Monday, July 31, 2017


S P I R I T U A L   S M A C K  |  T H E   T O M O R R O W  L I S T
On how to expand and extend gratitude from just here & now into tomorrow . . .

lthough I look chipper as a little bird here, swinging on a wicker chair, I was experiencing one of the toughest days of my life so far. I'll spare the details for my privacy and safety's sake, but I felt the anxiety of this particular event to ensue the following day down to the single strands of my hair. I felt like Medusa with coiled thoughts snaking around my mind, stifling any settled or stable thought. 

That night, my husband asked me, as we ask each other every night, the three things I was grateful for that day. An internal coup d'œeil, and I was about to chuckle over my desire to instead make a list of all the things that I was nervous about but then I held my tongue. I remembered a sentiment that Elena Brower had shared of Dr. Douglas Brooks's teachings: "See through the eyes of one who has already done it, accomplished it, climbed over and above that hill." As I glanced over again over the piled-high mountain of anxiety, I decided to turn towards the different view of what's rising.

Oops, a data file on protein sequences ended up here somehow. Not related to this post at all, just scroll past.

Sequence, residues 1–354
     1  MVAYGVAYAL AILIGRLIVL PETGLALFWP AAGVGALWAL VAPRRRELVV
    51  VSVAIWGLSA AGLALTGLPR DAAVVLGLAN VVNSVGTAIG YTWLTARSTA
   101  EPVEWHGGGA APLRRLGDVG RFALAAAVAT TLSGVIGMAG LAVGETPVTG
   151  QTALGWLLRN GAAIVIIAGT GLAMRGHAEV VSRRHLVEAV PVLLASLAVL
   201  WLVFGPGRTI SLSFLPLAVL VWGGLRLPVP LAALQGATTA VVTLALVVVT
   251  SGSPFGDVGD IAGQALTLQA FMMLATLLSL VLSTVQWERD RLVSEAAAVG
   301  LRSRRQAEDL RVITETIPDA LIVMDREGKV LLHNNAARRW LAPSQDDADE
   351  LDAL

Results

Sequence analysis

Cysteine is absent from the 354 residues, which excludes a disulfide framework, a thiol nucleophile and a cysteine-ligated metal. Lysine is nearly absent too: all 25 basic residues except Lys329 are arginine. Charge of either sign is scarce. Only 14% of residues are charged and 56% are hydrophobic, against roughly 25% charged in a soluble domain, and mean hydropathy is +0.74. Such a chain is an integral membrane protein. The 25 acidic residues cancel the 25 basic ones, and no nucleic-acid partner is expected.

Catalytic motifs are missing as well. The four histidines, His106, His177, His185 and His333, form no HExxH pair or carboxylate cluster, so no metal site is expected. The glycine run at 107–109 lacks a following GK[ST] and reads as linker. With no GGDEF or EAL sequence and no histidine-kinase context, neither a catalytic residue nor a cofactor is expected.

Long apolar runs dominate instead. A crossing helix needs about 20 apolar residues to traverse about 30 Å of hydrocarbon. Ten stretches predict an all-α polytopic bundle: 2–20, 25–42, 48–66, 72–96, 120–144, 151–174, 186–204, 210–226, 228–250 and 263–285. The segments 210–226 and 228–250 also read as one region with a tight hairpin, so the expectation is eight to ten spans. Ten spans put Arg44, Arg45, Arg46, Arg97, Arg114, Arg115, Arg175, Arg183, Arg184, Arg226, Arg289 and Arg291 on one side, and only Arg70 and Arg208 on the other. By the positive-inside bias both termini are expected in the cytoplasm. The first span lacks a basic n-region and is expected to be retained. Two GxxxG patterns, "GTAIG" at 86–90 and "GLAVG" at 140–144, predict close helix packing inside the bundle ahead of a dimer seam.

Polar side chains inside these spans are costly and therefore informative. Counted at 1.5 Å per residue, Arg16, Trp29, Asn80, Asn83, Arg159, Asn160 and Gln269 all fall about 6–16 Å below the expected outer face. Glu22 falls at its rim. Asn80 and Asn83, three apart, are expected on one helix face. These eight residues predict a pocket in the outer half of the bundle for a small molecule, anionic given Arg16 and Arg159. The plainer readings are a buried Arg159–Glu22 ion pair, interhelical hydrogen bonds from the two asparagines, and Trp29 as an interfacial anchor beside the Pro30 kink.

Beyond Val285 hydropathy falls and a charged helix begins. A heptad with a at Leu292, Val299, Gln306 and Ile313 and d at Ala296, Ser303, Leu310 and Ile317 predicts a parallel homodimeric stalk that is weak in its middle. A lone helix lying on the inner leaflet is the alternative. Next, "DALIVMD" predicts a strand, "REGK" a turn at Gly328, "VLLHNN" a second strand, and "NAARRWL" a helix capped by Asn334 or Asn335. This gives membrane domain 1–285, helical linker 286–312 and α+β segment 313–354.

Instead of listing what I was grateful for that day, which despite my inability to articulate was still aplenty, I made a list of what I would be grateful to have realised tomorrow. If all went according to my desire's and the sake of my safety, how I would feel at the end of my day. Following that night, I have continued this practise. If I have a project with a deadline looming over me, I express gratitude for the financial support it's going to bring me upon completion. If I'm in a rut with my training and feel tired by the mere thought of my morning run, I dwell in awe of how my legs are going to carry me through the park then back home for a comforting breakfast. Perhaps it's a conversation that I have been delaying having with someone. It's simply a list we can create—out loud or by pen—to restructure and reprogramme the way our minds view what we are about to approach.

This practise of The Tomorrow List allows me to extricate myself from the bounds of my own universe of here and now. I expand into a perspective of a future that has an effect beyond my microcosm of today's anxiety. Our ability to have gratitude for the effect of having something realised, finished, or achieved in the future can allow us to surrender our inhibitions against beginning the task. It also enables us to slide the lens on events that are grander or beyond our control to focus on elsewhere—the weight we will leave behind to carry matters important to us when it is over in our favour.